Chris Meister, executive director of the Illinois Finance Authority, outlined “pots of money” — conduit bonds and state economic development loans, among others — available through his agency. He also pointed to the Commercial Property Assessed Clean Energy program’s open market initiative, a 501(c)(3) nonprofit. The initiative permits financing of up to 100% of all project and closing costs, according to the C-PACE website.  

Joel Laubenstien, principal at Baker Tilly, said, the IRA “is like anything that’s ever come about on steroids. It really is unprecedented.”

There are over 70 separate tax credits in the IRA, he noted. And there’s the option to transfer credits: if owners don’t have tax liability or taxable income, they can sell tax credits to someone else.

“What this did is twofold,” Laubenstein told The Bond Buyer. “It took the old credits and reinstated them to their former glory; it added all these bonus criteria credits, what I call the carrots and the sticks … and then it expanded into a lot of new opportunities, technology like pump storage … Electric vehicle charging and electric vehicles were also big winners in the act. Hydrogen was another big winner.”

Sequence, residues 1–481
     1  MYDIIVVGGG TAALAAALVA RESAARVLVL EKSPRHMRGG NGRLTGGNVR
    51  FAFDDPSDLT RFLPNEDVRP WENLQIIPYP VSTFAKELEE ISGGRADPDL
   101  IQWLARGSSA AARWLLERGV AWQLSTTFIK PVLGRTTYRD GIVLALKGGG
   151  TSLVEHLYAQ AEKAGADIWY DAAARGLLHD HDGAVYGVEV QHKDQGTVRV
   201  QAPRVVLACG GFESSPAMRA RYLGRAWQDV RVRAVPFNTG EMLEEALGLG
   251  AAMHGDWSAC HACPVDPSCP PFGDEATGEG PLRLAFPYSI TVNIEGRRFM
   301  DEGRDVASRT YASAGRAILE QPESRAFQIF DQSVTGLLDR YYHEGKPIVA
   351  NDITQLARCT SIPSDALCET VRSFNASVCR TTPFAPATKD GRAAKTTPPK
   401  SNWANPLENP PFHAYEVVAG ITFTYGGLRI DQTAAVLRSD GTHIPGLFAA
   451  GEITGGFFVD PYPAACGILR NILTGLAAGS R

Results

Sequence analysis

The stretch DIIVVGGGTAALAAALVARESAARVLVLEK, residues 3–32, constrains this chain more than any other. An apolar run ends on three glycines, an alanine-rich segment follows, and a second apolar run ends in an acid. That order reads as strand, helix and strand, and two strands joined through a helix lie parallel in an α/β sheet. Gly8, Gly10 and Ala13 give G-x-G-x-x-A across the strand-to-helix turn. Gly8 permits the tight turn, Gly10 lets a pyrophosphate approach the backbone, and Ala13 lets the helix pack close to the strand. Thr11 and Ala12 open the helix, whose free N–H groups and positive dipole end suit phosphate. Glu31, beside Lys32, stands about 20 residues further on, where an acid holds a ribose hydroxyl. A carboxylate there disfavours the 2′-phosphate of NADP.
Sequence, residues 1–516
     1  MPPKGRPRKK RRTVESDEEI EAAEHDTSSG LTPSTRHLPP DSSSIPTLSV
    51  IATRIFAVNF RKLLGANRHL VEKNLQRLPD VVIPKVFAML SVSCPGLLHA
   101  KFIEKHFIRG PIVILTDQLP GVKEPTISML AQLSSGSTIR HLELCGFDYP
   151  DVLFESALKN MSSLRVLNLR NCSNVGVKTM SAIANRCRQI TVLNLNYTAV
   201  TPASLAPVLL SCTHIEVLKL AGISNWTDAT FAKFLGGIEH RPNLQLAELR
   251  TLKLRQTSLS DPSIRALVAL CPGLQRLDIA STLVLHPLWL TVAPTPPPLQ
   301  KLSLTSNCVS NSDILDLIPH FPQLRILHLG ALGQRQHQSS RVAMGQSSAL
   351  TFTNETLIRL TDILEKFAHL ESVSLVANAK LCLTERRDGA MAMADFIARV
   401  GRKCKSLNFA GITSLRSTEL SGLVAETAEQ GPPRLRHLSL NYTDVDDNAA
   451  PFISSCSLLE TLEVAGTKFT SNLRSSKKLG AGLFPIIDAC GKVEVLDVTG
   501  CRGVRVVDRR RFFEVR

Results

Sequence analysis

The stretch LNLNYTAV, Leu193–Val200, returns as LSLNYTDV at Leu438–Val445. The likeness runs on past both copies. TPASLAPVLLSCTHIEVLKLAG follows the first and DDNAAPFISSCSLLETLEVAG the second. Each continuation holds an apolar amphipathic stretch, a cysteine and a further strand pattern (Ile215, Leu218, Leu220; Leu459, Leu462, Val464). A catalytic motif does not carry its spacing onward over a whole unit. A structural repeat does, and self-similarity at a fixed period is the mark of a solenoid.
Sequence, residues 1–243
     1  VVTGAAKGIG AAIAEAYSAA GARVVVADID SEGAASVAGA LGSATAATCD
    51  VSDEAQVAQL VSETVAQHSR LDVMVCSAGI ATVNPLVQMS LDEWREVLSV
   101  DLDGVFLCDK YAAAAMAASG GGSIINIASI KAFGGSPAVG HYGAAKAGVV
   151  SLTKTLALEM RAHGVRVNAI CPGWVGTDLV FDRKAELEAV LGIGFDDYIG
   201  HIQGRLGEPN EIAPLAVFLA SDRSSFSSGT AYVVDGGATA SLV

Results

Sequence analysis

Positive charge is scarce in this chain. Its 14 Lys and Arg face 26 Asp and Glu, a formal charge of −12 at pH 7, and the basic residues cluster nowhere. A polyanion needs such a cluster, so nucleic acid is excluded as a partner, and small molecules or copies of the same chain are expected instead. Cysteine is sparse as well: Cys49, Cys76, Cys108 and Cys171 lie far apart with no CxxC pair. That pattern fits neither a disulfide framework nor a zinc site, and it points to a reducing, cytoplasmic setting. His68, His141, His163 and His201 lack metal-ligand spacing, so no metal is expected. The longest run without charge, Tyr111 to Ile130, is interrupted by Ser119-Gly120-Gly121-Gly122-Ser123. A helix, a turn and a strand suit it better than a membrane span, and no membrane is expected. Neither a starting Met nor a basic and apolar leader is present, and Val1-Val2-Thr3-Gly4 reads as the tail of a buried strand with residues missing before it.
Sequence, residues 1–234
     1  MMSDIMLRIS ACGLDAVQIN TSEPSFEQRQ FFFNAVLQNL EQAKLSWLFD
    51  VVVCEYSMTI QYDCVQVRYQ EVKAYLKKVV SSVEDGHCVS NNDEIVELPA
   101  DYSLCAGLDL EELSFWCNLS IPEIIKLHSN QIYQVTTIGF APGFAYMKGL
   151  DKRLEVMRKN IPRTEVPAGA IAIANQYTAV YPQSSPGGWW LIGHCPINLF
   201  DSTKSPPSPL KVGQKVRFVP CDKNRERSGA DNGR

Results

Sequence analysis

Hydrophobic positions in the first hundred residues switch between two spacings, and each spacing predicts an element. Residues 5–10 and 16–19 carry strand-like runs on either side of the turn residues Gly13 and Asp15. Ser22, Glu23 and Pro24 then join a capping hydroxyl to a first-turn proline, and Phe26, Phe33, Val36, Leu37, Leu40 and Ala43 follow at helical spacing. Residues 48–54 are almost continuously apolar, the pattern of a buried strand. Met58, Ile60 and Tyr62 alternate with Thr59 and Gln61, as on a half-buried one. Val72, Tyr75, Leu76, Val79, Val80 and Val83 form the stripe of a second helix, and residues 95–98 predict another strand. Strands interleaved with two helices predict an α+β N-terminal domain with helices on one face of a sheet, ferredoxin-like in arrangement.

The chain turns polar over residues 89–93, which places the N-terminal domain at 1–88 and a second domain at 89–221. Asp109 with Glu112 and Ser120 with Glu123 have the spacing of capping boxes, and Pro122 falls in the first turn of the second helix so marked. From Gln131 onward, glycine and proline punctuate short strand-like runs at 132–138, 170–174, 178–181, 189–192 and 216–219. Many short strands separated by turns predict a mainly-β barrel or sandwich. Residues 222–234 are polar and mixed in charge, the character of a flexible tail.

AJ Patton, CEO of 548 Enterprise, said the federal government has created once-in-a-generation incentives: “Direct transfer changed the game.”

He added that every state has someone like Meister working to make funding available.

“Every state has different incentives, there are different levels of commitment to energy efficiency,” Patton told The Bond Buyer. “Obviously, Illinois is one of the leaders … Michigan has done a spectacular job coming to the table, creating an incentive package and inspiring the next generation … The mayor of St. Louis, Tishaura Jones, does a great job. There’s a new generation of political leaders that have embraced the economic impact of this.”

Carla Walker Miller, founder and CEO of Walker Miller Energy Services, called the IRA “the largest opportunity to build foundational generational wealth that you will experience.” She said it atones for disparities in which neighborhoods got the “dirty infrastructure.”

“You’re either in the clean energy economy, or the clean energy economy is going to run over you,” she said.